Yes. The University of Nottingham open access policy states that all papers should be deposited in the University repository where allowable by copyright. The REF OA policy also strongly encourages this to happen, even where deposit in a subject repository also takes place.
My papers are on academia.edu / ResearchGate. Do I need to deposit in the University repository?
Yes. Papers should also be deposited in the University repository to ensure eligibility for REF and compliance with the University's open access policy.
What subject repositories meet the requirements of the REF policy?
More information is available in point 8.3 of the REF Open Access FAQs.
Research England (formerly HEFCE) have confirmed that subject repositories do not need to be REF unit of assessment specific and can be broader e.g. SSRN (Social Sciences Research Network), however, all outputs should be deposited in the University repository to ensure eligibility for REF and compliance with the University's open access policy.
How will the University support me if a publisher says I have infringed their copyright using the University repository?
The University has an immediate take down policy that comes into effect in the event of a publisher claiming there is a copyright infringement. The Library’s deposit review process should ensure no infringements occur.
How can I check the copyright status of my article before I deposit?
You can check your journal’s open access policy, including copyright information, using SHERPA/RoMEO.
If your article is already accepted for publication, you can also check the copyright transfer agreement (or equivalent) from your publisher.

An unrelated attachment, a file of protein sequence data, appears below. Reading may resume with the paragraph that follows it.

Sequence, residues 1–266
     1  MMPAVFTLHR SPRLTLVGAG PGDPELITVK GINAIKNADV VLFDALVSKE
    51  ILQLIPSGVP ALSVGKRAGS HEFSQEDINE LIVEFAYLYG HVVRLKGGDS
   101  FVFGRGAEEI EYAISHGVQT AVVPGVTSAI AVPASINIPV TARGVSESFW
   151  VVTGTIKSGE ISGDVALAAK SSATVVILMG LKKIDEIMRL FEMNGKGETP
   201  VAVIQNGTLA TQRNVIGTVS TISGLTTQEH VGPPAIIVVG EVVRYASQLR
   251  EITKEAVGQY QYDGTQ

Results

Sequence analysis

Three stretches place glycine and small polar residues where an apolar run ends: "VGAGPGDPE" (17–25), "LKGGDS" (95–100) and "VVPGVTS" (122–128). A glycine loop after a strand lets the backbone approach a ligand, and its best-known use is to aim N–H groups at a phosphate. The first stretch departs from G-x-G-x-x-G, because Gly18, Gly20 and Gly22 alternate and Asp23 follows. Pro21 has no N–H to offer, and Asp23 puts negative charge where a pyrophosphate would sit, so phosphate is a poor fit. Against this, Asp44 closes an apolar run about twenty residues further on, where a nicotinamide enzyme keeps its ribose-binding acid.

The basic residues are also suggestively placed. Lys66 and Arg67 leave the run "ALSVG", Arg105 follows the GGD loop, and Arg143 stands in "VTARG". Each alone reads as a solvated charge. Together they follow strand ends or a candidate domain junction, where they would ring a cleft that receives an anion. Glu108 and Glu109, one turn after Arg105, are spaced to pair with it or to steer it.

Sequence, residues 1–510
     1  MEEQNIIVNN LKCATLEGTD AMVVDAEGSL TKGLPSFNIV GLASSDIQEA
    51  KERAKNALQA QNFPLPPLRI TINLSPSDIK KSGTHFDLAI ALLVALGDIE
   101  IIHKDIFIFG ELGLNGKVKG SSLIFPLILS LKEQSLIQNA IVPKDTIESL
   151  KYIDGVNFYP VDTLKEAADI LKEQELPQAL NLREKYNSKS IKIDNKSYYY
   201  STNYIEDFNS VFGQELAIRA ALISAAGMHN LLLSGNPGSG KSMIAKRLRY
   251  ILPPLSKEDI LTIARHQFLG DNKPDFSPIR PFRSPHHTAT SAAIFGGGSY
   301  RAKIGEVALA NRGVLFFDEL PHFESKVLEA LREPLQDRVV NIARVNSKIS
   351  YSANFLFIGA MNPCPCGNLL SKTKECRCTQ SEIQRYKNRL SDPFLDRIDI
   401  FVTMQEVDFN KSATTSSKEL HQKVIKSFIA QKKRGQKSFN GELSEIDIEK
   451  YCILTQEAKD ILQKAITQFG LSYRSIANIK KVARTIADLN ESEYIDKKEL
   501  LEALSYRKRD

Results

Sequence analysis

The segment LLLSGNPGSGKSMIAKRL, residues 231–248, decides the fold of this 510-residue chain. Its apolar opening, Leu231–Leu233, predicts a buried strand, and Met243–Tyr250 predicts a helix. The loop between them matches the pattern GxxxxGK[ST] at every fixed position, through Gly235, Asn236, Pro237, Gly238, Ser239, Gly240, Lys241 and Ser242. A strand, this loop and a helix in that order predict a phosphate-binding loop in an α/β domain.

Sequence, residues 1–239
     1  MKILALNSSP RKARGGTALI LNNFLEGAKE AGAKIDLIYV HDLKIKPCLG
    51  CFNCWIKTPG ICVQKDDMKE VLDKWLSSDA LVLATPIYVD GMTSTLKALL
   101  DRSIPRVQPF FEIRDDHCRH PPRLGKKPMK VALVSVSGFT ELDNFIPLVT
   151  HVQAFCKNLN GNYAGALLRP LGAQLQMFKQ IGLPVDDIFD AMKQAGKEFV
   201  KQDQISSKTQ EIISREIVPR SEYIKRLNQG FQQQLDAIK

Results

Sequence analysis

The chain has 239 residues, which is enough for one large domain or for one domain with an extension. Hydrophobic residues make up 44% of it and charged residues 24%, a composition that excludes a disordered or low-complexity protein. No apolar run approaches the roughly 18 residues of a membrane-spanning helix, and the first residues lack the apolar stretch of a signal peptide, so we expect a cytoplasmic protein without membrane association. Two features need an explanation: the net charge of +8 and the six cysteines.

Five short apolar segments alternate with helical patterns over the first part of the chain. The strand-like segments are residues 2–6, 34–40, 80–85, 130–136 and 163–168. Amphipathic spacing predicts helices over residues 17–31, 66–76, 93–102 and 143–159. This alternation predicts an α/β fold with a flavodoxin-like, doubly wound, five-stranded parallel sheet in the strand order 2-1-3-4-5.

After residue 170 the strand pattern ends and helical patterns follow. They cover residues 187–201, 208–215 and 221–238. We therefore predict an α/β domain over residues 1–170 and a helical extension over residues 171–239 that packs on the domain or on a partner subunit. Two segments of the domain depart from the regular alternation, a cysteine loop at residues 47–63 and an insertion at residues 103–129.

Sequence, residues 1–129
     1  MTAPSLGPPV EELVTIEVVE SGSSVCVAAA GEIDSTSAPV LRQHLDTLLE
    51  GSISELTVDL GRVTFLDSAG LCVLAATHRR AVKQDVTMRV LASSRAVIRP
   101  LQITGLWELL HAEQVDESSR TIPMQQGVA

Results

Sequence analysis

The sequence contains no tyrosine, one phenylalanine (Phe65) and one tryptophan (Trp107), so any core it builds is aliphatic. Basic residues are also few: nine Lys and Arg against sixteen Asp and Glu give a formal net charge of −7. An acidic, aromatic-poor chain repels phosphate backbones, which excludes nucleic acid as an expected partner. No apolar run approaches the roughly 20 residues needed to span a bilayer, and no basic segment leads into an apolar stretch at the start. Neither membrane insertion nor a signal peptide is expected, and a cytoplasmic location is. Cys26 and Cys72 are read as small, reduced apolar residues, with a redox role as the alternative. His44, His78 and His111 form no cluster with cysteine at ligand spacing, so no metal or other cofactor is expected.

If your publisher has not provided this information, and the journal does not feature on SHERPA/RoMEO, please contact them and ask for written permission for deposit. You will need to supply this permission at the time of deposit.
Can I deposit unpublished manuscripts into the University repository?
Yes, the University repository accepts unpublished manuscripts, including working papers and journal articles prior to publication in a journal (sometimes known as pre-prints). You should check SHERPA/RoMEO to verify whether your publisher's copyright rules permit deposit of these.
If your article has already been accepted by a journal, you can use the mediated deposit service. For other items, please use the self-deposit option. For the item type, select 'article' if you have already submitted the item to a specific journal. If you have not or are not intending to publish the item elsewhere, select 'monograph' and choose the most appropriate sub-category (e.g. technical report, working paper etc.).